That is interesting about Brazil, but considering you quoted a ridiculously low ERoEI number for sugarcane recently, I harbor no illusions about how you feel about that. Ethanol ERoEI is different for every plant feed stock used. And some plant feed stocks can be eaten by people and/or animals or burned after drying, making the proportional use of that plant for the process of obtaining ethanol/food/cellulose combustibles important in determining the energy extracted from a gram of said plant. If I use ALL of a sugar beet crop for ethanol production, the ERoEI of said ethanol will be HIGHER than if I used one third of it because the mechanical plant and equipment, as well as the cost of growing the beet crop, remain the same while the kilos of beets to be processed are reduced.

But you KNOW all this! That is why every time I have these conversations with you, I get the distinct impression that you are playing dumb.      Nevertheless, we will get to that AFTER we agree on the formula for obtaining ERoEI's for fossil fuels. Are we communicating?

You keep wanting to bring the subject to Renewable energy WITHOUT talking about fossil fuels. WHAT is your problem. Palloy?

I have to go now. I'll be back tomorrow. 8)

Here's the last news for today  ;D:

Southwestern Energy axing 40 percent of staff, Devon Energy plans cuts

Staff Writers  January 21, 2016   

Two more U.S. independents announced new rounds of layoffs this week as upstreams continue to grapple with low oil prices.

According to Reuters, Houston-based Southwestern Energy will cut 1,100 employees, or about 40 percent of its workforce.

The company plans to take a pre-tax charge of between $60 million to $70 million in the first quarter tied to the reductions.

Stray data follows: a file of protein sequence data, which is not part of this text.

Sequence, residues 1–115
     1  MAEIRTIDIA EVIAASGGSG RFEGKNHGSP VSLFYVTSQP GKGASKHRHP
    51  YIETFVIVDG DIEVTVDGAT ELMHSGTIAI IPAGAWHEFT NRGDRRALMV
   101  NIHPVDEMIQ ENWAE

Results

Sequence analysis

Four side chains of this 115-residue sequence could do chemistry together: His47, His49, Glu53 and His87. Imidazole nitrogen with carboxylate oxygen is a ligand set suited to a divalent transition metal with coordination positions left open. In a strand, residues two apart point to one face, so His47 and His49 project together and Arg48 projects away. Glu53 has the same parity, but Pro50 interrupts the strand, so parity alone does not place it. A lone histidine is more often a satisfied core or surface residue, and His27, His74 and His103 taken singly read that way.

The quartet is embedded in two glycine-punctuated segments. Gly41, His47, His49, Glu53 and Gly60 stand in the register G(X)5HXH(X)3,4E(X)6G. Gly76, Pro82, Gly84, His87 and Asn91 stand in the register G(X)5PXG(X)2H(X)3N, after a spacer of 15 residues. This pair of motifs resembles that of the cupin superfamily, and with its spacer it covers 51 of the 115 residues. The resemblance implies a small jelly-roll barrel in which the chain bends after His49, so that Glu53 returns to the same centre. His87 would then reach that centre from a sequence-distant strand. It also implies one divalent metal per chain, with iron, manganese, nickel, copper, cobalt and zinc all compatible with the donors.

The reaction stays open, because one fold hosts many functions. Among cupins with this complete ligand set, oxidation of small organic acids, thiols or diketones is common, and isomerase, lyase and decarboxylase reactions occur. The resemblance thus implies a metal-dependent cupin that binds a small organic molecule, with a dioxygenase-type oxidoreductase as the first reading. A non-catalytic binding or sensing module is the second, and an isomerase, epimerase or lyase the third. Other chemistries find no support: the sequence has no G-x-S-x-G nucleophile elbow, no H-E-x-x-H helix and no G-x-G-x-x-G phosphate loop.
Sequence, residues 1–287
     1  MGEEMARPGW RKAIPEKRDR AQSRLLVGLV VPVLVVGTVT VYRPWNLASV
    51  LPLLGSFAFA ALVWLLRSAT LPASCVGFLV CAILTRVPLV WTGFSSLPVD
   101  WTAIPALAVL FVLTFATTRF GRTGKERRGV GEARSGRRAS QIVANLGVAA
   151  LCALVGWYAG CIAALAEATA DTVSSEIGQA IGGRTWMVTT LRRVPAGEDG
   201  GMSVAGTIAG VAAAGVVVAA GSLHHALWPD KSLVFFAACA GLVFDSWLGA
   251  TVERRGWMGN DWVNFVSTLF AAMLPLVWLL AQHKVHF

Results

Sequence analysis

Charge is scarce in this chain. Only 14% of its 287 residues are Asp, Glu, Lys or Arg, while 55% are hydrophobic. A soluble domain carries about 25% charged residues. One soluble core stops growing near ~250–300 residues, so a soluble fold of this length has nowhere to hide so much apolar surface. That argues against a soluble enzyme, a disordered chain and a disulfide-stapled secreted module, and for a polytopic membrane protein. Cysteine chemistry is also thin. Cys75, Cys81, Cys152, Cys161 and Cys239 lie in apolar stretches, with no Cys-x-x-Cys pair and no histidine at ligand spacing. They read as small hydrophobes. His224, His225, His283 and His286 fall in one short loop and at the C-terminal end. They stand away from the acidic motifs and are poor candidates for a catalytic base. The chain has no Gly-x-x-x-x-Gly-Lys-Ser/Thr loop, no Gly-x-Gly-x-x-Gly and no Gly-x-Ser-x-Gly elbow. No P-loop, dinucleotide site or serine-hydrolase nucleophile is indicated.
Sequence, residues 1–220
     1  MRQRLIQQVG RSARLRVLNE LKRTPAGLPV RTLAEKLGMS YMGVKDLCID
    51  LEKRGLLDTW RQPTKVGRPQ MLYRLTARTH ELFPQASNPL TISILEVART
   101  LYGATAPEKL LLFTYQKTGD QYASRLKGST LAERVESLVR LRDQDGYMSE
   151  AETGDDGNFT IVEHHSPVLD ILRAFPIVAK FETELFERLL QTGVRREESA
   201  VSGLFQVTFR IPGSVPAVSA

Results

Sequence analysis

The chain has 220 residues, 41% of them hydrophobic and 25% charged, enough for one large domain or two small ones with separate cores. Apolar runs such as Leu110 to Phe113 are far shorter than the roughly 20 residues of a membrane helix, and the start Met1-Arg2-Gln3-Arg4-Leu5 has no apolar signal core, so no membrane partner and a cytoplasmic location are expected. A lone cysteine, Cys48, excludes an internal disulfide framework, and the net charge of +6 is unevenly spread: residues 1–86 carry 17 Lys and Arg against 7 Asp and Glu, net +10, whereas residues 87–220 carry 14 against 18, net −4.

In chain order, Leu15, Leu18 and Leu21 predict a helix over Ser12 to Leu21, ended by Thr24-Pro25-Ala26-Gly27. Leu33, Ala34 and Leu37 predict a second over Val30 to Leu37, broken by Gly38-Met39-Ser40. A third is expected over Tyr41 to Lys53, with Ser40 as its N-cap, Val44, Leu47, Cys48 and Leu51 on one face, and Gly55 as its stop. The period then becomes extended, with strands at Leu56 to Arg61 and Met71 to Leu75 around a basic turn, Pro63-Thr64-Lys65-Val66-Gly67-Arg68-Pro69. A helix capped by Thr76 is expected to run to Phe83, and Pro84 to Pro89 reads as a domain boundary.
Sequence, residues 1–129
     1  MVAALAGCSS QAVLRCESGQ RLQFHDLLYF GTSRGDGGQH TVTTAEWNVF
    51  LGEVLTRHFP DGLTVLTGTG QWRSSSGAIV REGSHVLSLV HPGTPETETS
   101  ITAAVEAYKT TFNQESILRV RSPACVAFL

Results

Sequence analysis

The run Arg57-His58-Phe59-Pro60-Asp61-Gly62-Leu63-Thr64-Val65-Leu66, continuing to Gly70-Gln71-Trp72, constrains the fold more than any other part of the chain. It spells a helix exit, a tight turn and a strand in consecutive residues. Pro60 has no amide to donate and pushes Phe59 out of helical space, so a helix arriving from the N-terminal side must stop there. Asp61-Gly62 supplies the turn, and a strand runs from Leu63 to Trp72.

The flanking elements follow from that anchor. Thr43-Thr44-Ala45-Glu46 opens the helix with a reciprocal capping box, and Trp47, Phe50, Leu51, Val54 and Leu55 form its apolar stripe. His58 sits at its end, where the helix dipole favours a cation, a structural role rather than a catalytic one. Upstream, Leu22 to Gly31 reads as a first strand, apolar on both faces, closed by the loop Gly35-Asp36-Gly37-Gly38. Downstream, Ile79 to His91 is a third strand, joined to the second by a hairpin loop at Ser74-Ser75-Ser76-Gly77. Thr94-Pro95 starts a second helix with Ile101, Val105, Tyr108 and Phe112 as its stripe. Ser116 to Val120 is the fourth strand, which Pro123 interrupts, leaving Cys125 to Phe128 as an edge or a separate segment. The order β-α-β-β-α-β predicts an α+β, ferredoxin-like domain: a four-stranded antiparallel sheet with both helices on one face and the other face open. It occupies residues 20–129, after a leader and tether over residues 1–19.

A timeline for the reductions has not been disclosed yet.

Southwestern told Reuters on Thursday  it expects the cuts, along with a smaller round of cuts last August, to save the company between $150 million to $175 million per year.

Shares of Southwestern Energy have fallen by about 70 percent year-over year, Reuters added.

In Oklahoma, Devon Energy is preparing for a round of lay offs this quarter as the company looks to trim costs.

Devon Energy told NewsOK that it is “clear that layoffs will be a necessary part of the company’s near-term cost-management efforts.”    

The Oklahoma-based company has not disclosed how large the reductions will be, but the firm said it expects to “the majority” of its planned cuts to occur by the end of the first quarter.

Devon, an independent exploration and production firm, produced about 214,400 barrels of crude per day in 2014 along with about 1.6 billion cubic feet of natural gas a day and about 120,000 barrels of natural gas liquids per day.

The company holds acres in the Permian Basin, Barnett shale play, Anadarko Basin, the Rocky Mountains and Eagle Ford Basin.

Devon Energy also has heavy oil assets in Canada.
« Last Edit: January 31, 2016, 03:49:04 pm by AGelbert »
Rob not the poor, because he is poor: neither oppress the afflicted in the gate:
For the Lord will plead their cause, and spoil the soul of those that spoiled them. Pr. 22:22-23